Radiological findings indicated decreased heights of the vertebrae (Figure 1f), lessened joint spaces in the hips with heavy cartilage loss, large femoral epiphyses and enlargement of the metaphysis of the interphalangeal joints (Figure 1g–i).
In retrospect, the radiographic findings of the two patients were quite consistent with previous reports of PPD;9–11 however, because of the closure of the growth plates and secondary changes related to aging, a definitive diagnosis was difficult. Therefore, we performed molecular analysis of the patients. We extracted genomic DNA from the peripheral blood using a QIAGEN DNA minikit (Qiagen, Hilden, Germany).
Due to the difficulty in diagnosis, we conducted whole-exome sequencing in Patient 1. In brief, genomic DNA was divided into smaller fragments of 200–250 bp with an ultrasonic instrument (Covaris LE220, Woburn, MA, USA). Ampure Beads (Beckman Coulter, Brea, CA, USA) purification was used to add poly A through a joint reaction at the end of the purified DNA fragments. Agene-trapping chip (Roche NimbleGen, Madison, WI, USA) was used to hybridize and capture the DNA fragments. After hybridization, the captured DNA was sequenced on Illumina HiSeq2500 Analyzers (Illumina, SanDiego, CA, USA) and read on quality analysis pipeline (PIQA).12 We used BWA v0.5913 to align the sequence reads to the human genome reference (build 37) and removed duplicated reads from the subsequent analyses. Sequences variants were identified by comparison with the NCBI reference sequence (NM 198239.1) and annotated by ANNOVAR (http://www.openbioinformatics.org/annovar). The 20× coverage for the RefSeq coding region was 98.13% (Supplementary Figure S2).
Because we noticed the same symptoms in patient 1, we examined patient 2 by direct sequencing for WISP3 instead of whole-exome sequencing. The entire coding region of WISP3 was sequenced using five pairs of primers (the sequences are available on request). Sanger sequencing was then performed in the proband’s family members.
Patient 1 had two novel missense mutations, NM_198239.1 (WISP3_v001):c.396T>G [p.(Cys132Trp)] and NM_198239.1 (WISP3_v001): c.721T>G [p.(Cys241Gly)] (Figure 2a). Both mutations had not been previously reported and were not found in sequencing data projects (Exome Aggregation Consortium Exome; http://exac.broadinstitute.org/). Patient 2 had ahomozygous frameshift mutation, NM_198239.1 (WISP3_v001): c.679dup [p.(Cys227Leufs*21)] (Figure 2b), which has previously been described in two PPD individuals.14 One adenine-ribonucleotide duplication altered the reading frame downstream of codon 227 and caused a premature stop signal (base sequence T-G-A) at codon 247(C227fs*21). SIFT and Polyphen-215 both predicted these mutations to cause severe damage to the WISP3 protein function.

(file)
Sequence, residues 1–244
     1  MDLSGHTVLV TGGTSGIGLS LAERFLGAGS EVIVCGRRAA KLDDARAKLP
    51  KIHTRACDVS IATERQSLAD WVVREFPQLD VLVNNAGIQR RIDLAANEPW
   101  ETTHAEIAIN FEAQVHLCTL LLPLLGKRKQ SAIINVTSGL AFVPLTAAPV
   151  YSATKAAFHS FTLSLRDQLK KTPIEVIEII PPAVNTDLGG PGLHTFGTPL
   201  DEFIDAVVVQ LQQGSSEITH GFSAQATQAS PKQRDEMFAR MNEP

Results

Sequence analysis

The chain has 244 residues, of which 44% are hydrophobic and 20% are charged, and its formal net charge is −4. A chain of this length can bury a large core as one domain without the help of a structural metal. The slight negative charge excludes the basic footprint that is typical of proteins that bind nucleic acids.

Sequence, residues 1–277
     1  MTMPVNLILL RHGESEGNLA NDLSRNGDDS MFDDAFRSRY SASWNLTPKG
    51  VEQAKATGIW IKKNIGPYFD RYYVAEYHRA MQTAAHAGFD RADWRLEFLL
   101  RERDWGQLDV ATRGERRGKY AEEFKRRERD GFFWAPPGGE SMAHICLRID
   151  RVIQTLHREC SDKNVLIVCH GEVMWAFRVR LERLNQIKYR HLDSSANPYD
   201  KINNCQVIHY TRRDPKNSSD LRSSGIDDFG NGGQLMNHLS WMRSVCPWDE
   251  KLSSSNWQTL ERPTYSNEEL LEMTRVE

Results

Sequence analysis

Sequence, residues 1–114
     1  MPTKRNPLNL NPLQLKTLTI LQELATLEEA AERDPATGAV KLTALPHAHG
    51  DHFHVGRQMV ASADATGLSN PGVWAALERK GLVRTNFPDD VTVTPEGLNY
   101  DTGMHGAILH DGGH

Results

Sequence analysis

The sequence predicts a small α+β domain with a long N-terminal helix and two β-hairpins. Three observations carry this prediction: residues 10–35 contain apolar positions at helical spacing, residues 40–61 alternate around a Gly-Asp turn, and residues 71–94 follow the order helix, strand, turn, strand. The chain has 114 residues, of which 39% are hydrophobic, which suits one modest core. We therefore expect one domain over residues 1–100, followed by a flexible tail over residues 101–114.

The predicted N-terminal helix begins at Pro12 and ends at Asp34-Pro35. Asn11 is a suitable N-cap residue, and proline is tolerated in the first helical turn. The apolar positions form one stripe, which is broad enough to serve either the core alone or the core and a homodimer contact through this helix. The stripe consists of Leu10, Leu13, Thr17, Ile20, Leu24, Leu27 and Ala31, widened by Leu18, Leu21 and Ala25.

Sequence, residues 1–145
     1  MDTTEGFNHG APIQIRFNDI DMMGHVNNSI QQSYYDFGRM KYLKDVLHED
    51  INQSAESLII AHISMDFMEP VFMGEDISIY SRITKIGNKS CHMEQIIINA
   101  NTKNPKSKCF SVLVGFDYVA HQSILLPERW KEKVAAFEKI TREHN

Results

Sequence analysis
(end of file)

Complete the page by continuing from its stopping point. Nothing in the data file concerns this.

We performed Sanger sequencing for the two families and confirmed the mutations in the patients and their siblings (Figure 2a,b). In patient 1, the maternal mutation c.396T>G [p.(C132W)] and the paternal mutation c.721T>G [p.(C241G)] were highly conserved among diverse species (Figure 2c).
Thus, we have found two novel WISP3 mutations in cases of PPD. Our study performed the whole-exome sequencing, which allowed us to obtain molecular results faster, especially when traditional specific diagnosis takes a longer time due to sequencing a large gene. The exome allows for the possibility of analyzing the first candidate gene and checking the presence of mutations in other genes at the same time.16,17 Our study has further expanded the WISP3 mutation spectrum and thus contributed to the earlier detection of this rare disease, providing significant benefits to patients’ families and greater awareness of the growing amount of PPD patients for future clinical diagnosis.
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This work was supported by the National Science Foundation for Distinguished Young Scholars of China (81125013) and the National Natural Science Foundation of China (81420108021). We thank the patients and families who donated blood samples for this study.
The authors declare no conflict of interest.
Supplementary Information for this article can be found on the Human Genome Variation website
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Yan, W., Dai, J., Xu, Z. et al. Novel WISP3 mutations causing progressive pseudorheumatoid dysplasia in two Chinese families. Hum Genome Var 3, 16041 (2016). https://doi.org/10.1038/hgv.2016.41